These conversations entered my consciousness in snippets:
“. . . direct deposit . . .”
“. . .electronically pay bills through the bank . . .”
“. . . and no checks. The Home Shopping Network . . .”
“You can have groceries delivered to . . .”
“. . . never leave your house . . .”
In my mind, I drifted back. I remembered, and as I floated through the clouds of my memory, I remembered, gorj link. As you read through link’s day, a day that changed his life and my thinking, perhaps you will consider who has been misunderstood or misrepresented. Some of us know gorj link, some may know gorj link. Maybe you have had an experience similar to gorj link, but we may all be guilty of treating others like gorj link.
* * *
T’was a fair day in Midport. The paperboy was delivering the paper, the milkman was making his rounds, and the postman was knocking twice at the doors where he dropped off the mail.
Just off Main Road in a little blue room, life was stirring beneath the sheets. gorj link, the
local ‘nobody’, awoke once again, as he had done for the past thirty-one years. After struggling to his feet, gorj link took the usual two steps from his bed to his front door, where once again the paper, milk and mail hadn’t been delivered.
“No mail for me,” mumbled gorj as he’d always said every morning. Except for on Sunday, as no mail would be delivered.
Taking two very precise steps out of his door onto the front porch, gorj saw the bus pull up to its stop exactly on time.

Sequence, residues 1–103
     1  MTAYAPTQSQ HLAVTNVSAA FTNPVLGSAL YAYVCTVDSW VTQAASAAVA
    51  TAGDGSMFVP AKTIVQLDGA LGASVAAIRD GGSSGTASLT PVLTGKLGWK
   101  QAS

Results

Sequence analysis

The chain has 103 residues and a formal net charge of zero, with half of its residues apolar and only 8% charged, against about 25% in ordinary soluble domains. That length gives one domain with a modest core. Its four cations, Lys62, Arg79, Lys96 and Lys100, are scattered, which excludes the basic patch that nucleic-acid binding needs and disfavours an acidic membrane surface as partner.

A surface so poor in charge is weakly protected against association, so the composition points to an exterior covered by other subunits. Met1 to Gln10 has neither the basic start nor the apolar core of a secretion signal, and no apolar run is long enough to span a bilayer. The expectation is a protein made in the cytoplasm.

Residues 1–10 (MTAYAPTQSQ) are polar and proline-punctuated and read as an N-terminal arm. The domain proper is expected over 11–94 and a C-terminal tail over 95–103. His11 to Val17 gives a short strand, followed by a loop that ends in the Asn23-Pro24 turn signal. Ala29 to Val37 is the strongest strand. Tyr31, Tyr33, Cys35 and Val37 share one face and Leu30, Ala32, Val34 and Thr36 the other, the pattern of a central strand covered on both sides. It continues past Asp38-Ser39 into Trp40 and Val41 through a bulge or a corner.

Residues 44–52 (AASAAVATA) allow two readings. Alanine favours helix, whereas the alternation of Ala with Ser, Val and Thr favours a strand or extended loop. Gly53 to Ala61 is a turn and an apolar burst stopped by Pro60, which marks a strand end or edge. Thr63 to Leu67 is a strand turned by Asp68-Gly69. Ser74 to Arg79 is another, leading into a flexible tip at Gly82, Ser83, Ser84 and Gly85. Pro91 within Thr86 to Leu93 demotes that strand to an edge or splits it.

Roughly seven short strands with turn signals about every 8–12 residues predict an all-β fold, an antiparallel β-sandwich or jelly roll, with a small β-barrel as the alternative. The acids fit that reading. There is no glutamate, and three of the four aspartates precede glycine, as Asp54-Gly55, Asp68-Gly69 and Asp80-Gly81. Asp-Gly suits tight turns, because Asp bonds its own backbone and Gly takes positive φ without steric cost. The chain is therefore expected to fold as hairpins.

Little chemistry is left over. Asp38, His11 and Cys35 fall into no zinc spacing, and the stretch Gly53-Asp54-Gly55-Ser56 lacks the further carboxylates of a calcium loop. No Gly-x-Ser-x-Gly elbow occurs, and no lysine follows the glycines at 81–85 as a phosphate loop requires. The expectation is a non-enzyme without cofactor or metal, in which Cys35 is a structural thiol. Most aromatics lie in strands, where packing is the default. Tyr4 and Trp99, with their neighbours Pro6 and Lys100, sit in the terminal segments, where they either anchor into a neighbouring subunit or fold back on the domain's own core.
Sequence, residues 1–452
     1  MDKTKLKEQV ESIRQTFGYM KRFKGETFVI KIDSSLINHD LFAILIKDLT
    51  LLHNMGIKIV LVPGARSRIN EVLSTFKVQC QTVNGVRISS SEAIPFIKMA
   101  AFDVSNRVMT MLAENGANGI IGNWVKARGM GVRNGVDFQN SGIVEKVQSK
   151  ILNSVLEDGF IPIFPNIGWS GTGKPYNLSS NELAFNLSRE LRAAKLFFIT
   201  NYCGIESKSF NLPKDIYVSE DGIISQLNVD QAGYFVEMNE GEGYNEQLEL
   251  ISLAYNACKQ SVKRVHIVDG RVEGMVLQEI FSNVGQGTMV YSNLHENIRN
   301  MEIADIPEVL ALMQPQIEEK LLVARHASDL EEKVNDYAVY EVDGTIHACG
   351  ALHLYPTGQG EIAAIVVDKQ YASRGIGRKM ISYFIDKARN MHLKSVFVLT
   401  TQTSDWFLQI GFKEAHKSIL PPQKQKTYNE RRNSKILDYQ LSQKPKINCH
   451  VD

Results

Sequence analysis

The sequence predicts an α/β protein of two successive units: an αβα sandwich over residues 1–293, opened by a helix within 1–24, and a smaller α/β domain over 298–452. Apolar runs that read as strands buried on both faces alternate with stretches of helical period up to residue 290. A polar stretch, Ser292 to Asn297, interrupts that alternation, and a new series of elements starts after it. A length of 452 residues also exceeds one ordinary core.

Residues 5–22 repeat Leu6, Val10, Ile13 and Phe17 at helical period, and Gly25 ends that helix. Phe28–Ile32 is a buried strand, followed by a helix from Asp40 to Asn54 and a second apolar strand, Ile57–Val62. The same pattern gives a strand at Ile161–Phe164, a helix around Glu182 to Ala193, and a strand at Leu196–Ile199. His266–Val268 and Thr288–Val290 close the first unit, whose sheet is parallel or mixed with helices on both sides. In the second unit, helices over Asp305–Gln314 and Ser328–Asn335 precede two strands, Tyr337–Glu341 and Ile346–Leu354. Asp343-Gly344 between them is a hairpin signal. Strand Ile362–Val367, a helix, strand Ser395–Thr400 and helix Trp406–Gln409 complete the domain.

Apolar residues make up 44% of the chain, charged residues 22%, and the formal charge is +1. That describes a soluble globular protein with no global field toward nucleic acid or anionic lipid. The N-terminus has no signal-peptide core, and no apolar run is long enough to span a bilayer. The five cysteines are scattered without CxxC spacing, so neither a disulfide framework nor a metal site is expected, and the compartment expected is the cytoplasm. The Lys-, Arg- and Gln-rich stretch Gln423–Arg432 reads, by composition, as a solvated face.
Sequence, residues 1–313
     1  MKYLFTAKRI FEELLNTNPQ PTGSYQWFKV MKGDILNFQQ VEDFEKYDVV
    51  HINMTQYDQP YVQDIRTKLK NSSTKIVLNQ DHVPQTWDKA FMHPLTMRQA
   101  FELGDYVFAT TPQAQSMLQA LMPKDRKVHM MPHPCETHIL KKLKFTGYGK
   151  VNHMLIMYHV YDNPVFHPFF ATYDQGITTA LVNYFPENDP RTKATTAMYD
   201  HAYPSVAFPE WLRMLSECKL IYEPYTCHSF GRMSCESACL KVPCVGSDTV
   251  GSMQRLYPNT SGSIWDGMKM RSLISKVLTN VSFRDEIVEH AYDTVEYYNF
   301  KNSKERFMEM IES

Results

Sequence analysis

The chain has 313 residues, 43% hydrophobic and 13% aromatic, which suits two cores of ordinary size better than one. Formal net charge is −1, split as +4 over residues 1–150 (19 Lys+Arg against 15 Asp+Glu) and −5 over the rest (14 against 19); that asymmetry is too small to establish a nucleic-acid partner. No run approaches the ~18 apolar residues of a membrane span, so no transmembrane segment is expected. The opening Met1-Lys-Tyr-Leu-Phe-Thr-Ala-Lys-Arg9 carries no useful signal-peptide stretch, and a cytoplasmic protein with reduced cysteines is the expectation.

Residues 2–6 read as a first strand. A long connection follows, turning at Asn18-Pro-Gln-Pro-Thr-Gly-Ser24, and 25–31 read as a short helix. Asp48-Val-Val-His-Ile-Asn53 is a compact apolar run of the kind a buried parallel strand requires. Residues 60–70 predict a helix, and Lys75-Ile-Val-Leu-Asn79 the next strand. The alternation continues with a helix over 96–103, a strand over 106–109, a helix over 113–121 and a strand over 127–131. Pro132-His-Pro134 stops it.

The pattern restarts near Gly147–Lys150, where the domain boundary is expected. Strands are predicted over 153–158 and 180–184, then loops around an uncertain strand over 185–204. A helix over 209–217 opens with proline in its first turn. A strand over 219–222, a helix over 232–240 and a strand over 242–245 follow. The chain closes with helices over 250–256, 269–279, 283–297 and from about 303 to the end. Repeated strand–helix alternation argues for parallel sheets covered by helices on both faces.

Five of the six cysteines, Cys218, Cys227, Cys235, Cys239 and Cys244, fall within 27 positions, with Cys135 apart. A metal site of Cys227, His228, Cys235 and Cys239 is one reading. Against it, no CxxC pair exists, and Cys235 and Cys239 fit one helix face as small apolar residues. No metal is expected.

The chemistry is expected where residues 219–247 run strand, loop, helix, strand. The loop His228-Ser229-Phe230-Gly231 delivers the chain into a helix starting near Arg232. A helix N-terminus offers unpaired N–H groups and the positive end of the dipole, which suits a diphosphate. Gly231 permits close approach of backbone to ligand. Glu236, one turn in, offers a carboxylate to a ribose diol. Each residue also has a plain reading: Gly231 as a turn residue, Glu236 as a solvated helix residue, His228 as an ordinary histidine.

“10:07,” stated gorj, resetting his watch and taking two very precise steps back into his blue room.
gorj returned to his bed and turned on the small twelve in television set that sat on his wood chest beside his bed. The set snapped, crackled and popped to life as gorj reached to the night stand and poured a bowl of dried corn flakes. As he had done every morning for the past thirty-one years.
“Aaah, good as ever,” said gorj to on one in particular.
Into the blue came a sound. Someone was knocking at gorj’s door.
“Who could that be?” queried gorj to himself. Taking two very precise steps to the door, gorj opened it and saw Mr. Least, the town’s self-made ‘somebody’.
“Hello, mr. link. I hope I’m not disturbing you, but you see, you disturb us. Please, would you tell us why you live at all?” asked a visibly concerned Mr. Least.
“Please come in Mr. Least. Would you care for some water? Perhaps a bowl of cereal?” asked an equally concerned gorj.
“No. You must address yourself to the question at hand,” boomed Mr. Least, as he gently placed his claw on gorj’s left shoulder.
“What is the question? Surely you can come into my house and chat with me for a little while,” sheepishly asked gorj.
“I have no time to talk to you. We the people of Midport demand to know why you do the same thing day after day. Every day you wake up, see there is no milk, mail or paper, and then set your watch by the arrival of the bus. Meanwhile, we go to work every day except Sunday, as no one works on Sunday.”
“Well Mr. Least . . .” started a startled gorj.
“I have no time for this, my break is almost over. I have to get to work. I shall be back later mr. link, but now I must catch my bus. Good day.” Mr. Least removed his claw from gorj’s shoulder and walked down the road.
“Good day, Mr. Least. Stop back soon. I enjoyed our talk,” stated gorj as he shut the door and took two very precise steps back to his bed.
gorj decided, after a while to change the channel on his television set for the first time in thirty-one years. It had been that kind of day.